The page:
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Saturday19 August 2017

Anger as another Madin building set for demolition after listing refusal

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Birmingham Chamber of Commerce and Industry granted immunity from listing

Another of John Madin’s important Midlands buildings is set for the wrecking ball after it was given immunity from listing by the DCMS.

The 1958 Birmingham Chamber of Commerce and Industry buildings on Harborne Road, Edgbaston, is an “undervalued masterpiece”, said the Twentieth Century Society, greeting the news with “extreme disappointment”.

Conservation adviser Tess Pinto criticised Historic England’s decision not to list it, warning this would be its “death knell”.

Nothing now stands in the way of the owners starting work on a consented mixed-use scheme involving three buildings for the site.

Like many of John Madin’s commercial designs, the Chamber of Commerce is characterised by careful detailing, use of high-quality natural materials and craftsmanship, said Pinto.

Deborah Williams, Historic England’s regional listing team leader, said: “Although the Birmingham Chamber of Commerce was clearly a showpiece of Madin’s early flair for imposing commercial buildings which married design quality with high quality materials and attention to detail, over time it has been much altered which has diluted the coherence of its design. Although some elements of real quality survive, the building as a whole lacks the necessary special interest for listing so we recommended a certificate of immunity from listing should be issued.”

But Pinto said: “We are of the opinion that much of the original fabric does remain intact, and the alterations are of minimal consequence in the wider importance of the building as an architectural landmark within the historic Calthorpe Estate.”

The estate was masterplanned by Madin and contains a number of his projects. The architect, who was born in Birmingham and died in 2012, has recently suffered the loss of a number of his key buildings, including Birmingham Library and the NatWest Tower on Colmore Row.

Concern now centres on the fate of a John Piper mosaic in the entrance hall of the chamber of commerce, although a s106 agreement requires its relocation.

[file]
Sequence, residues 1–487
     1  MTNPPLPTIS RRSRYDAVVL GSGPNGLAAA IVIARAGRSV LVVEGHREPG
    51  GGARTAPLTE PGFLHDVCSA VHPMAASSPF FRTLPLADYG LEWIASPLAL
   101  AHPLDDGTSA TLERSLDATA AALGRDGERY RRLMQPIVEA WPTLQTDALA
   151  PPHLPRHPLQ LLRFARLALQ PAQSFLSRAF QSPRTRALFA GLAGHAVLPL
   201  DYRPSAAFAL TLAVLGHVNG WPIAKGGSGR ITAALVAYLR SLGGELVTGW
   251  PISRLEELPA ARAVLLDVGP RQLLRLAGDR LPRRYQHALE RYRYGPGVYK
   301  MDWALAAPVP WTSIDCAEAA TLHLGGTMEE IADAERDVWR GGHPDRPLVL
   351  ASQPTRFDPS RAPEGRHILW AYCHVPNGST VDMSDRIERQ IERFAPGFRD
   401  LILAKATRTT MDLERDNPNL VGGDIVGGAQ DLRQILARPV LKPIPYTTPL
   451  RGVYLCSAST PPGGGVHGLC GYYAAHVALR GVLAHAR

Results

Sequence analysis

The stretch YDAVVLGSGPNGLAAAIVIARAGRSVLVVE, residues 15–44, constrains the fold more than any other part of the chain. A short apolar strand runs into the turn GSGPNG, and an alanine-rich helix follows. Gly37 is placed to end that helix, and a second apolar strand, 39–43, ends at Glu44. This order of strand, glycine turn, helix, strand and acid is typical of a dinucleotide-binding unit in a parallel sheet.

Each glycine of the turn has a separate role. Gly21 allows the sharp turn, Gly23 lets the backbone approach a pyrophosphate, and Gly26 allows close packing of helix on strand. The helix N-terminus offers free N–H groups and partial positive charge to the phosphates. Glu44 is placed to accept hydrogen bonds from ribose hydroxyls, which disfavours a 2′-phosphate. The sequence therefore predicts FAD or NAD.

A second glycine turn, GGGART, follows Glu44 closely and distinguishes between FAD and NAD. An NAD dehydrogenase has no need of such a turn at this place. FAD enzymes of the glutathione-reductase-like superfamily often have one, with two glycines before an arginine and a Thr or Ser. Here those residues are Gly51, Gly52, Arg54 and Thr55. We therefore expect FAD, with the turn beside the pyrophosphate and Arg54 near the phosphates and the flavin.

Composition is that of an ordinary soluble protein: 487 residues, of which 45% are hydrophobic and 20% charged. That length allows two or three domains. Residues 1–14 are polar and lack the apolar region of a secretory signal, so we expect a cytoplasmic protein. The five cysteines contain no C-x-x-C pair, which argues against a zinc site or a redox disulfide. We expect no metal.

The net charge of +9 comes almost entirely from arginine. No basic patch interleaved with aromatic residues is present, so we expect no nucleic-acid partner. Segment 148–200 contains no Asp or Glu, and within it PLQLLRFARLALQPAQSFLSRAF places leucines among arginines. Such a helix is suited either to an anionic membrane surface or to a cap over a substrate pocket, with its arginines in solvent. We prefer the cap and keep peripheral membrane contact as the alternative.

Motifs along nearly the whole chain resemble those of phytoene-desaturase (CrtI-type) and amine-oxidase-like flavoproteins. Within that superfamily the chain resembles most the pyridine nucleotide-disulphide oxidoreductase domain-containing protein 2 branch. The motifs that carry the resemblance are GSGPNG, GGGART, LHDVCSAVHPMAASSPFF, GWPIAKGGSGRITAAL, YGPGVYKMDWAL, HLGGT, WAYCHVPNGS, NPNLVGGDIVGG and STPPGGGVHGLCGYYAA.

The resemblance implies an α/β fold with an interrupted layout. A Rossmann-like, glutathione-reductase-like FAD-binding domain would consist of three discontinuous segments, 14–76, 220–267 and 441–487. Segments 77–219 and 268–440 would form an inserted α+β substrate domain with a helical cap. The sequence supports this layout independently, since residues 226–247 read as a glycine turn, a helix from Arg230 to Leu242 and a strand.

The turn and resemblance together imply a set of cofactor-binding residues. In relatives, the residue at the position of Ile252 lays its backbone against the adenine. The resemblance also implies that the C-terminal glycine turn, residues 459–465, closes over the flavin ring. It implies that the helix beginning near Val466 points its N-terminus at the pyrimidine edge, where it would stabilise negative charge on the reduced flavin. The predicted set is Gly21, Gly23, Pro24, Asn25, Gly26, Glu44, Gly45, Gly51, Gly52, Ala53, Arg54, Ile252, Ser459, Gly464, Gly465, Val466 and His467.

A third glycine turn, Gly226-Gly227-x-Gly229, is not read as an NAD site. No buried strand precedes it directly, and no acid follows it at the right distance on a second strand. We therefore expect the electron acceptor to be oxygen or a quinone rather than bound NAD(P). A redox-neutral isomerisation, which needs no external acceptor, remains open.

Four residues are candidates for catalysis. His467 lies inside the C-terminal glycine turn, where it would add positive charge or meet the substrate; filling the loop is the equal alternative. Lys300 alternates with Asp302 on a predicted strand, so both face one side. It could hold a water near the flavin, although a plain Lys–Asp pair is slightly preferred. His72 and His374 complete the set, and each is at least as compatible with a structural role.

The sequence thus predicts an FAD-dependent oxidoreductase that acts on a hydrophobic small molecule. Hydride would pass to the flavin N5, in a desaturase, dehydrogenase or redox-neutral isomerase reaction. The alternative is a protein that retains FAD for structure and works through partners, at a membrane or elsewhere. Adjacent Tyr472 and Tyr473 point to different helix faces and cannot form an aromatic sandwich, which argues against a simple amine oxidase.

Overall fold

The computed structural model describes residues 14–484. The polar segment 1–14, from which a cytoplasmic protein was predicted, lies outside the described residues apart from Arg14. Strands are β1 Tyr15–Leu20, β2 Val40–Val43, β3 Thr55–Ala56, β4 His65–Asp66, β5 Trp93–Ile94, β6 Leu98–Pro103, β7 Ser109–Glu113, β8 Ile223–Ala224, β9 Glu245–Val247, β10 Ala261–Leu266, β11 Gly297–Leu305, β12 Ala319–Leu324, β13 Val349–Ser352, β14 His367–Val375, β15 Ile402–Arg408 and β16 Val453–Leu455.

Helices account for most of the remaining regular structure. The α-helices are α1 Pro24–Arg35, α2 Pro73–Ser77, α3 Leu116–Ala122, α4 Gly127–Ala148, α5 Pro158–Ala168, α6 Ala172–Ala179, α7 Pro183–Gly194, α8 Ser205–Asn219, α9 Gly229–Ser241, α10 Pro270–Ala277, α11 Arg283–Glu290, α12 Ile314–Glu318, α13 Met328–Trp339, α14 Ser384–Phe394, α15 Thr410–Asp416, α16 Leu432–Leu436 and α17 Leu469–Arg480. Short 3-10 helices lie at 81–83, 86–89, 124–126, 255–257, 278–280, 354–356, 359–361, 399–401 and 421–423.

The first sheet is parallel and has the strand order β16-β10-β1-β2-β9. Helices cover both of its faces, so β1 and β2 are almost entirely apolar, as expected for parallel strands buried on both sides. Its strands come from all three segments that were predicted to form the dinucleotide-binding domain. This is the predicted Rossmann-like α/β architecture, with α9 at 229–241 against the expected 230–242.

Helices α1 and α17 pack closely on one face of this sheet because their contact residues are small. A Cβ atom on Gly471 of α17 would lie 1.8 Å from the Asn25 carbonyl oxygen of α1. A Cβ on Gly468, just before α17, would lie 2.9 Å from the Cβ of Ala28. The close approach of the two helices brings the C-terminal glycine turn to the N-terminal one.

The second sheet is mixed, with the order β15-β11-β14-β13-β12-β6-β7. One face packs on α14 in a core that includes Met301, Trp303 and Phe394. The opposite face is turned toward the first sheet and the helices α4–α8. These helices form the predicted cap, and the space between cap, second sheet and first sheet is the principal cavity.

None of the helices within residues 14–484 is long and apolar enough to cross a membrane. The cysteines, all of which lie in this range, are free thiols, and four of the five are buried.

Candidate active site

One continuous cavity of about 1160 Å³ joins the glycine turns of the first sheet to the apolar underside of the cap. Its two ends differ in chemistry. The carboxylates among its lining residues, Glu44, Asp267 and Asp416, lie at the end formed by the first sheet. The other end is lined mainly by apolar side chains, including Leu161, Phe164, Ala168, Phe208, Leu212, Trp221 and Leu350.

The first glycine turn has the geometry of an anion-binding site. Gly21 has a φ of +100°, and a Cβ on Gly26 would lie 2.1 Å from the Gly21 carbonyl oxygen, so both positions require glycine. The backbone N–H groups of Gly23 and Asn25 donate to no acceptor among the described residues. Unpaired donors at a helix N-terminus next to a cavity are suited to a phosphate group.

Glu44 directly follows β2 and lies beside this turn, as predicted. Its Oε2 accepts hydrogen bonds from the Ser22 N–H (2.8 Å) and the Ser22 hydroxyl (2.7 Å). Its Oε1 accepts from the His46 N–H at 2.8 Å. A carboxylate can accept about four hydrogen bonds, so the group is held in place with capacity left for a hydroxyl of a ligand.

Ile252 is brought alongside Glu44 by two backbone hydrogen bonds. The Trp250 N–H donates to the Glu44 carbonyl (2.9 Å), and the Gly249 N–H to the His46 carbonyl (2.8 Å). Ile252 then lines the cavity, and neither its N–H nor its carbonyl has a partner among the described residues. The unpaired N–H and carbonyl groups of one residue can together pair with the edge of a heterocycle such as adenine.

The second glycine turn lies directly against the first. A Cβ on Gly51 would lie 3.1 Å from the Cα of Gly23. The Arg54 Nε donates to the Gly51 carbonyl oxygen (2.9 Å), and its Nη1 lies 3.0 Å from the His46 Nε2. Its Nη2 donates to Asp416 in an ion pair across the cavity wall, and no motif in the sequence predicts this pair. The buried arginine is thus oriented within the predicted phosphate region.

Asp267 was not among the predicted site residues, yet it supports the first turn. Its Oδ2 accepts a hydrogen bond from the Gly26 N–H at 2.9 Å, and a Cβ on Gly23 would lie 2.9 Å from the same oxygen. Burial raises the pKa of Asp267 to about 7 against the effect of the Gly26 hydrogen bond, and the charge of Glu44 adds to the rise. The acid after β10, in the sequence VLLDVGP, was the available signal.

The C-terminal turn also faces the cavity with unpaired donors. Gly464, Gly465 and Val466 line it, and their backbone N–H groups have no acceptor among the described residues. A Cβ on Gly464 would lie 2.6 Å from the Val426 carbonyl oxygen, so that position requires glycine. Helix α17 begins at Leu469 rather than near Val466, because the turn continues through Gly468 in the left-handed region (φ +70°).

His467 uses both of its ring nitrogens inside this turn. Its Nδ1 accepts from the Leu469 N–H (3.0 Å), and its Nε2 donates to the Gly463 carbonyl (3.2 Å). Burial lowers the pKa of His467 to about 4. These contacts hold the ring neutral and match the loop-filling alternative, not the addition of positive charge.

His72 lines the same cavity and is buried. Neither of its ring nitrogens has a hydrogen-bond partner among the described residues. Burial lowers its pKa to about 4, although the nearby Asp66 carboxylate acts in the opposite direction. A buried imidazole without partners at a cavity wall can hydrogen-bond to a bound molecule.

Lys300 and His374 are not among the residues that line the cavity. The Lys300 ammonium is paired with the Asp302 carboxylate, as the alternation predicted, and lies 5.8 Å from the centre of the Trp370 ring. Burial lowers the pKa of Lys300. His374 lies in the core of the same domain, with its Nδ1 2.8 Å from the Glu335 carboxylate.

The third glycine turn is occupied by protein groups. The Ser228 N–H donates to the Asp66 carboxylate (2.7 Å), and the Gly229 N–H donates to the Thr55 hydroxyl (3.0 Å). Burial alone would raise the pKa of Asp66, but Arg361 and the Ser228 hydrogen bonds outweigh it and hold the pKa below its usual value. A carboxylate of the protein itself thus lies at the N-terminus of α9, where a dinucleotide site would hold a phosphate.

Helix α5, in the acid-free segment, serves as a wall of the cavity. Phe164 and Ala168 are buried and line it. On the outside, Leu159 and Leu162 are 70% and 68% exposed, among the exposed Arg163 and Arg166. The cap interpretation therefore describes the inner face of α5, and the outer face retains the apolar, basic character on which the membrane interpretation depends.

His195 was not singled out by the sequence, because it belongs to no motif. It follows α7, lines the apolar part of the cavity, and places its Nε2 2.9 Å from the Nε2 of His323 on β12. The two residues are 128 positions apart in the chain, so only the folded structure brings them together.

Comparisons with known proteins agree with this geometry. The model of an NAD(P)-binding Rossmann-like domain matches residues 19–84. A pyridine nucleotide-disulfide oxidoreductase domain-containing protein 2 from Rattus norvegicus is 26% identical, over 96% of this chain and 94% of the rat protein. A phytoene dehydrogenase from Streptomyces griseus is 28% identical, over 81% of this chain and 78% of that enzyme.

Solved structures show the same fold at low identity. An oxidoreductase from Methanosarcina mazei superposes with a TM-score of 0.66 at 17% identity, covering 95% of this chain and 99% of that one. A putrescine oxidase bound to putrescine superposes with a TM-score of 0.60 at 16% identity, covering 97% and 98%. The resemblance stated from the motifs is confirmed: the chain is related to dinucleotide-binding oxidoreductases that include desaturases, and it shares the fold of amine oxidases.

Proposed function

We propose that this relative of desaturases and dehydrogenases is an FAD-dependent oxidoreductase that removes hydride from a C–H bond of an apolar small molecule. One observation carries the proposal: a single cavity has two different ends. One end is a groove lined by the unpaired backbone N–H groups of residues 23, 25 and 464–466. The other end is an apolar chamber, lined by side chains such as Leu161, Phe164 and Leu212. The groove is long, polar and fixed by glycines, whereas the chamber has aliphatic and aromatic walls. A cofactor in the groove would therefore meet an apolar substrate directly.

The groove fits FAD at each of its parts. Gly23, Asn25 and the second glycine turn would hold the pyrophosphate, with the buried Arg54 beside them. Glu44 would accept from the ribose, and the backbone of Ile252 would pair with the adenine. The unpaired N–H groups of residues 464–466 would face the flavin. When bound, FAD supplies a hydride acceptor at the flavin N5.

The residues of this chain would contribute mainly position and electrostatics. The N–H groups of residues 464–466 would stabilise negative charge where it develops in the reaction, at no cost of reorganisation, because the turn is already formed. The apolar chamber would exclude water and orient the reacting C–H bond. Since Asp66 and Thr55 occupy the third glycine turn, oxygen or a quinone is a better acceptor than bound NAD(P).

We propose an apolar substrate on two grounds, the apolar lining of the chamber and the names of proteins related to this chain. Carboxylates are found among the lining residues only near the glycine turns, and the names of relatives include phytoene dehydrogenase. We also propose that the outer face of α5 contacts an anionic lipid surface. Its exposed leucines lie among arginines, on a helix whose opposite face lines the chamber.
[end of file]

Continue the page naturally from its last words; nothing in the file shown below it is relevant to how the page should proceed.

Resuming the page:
“This unique work by one of the most important British artists of the period is now extremely vulnerable, and its superb architectural setting will certainly be lost,” said Pinto.

The decision not to list the mural individually was “particularly incongruous” with Historic England’s commitment to the protection of post-war public art, she added. HE is behind the Out There: Our Post-War Public Art exhibition currently on at Somerset House.

Historic England was contacted for comment.

Twentieth Century Society statement

The Chamber of Commerce building by John Madin Design partnership (1958) is of both local and national importance.

Like Birmingham Central Library, the Post and Mail building and 103 Colemore Row before it, the Chamber of Commerce will be razed to the ground in order to make way for new development.

John Madin grew up in Birmingham and eventually established his practice there. Although his buildings have been hugely important in shaping the post-war city, his significance as an architect has long been overlooked. In the light of important new research which has established Madin as a key figure in post-war British architecture and the widespread demolition of some of his finest buildings, The Twentieth Century Society hoped that HE would reconsider their previous decision in 2004 which also declined to recommend the building for listing.

Like many of John Madin’s commercial designs, the Chamber of Commerce is characterised by careful detailing, use of high quality natural materials and craftsmanship. It is comprised of two office blocks at right angles to one another, connected at the juncture by a shared entrance. The Chamber of Commerce occupied the more elaborate lower block, with the larger more extensively glazed block purposed for letting. The internal arrangement of the two blocks is spacious, with many striking features such as the sunken centred ceiling and panelling in the President’s Room still in situ.

 

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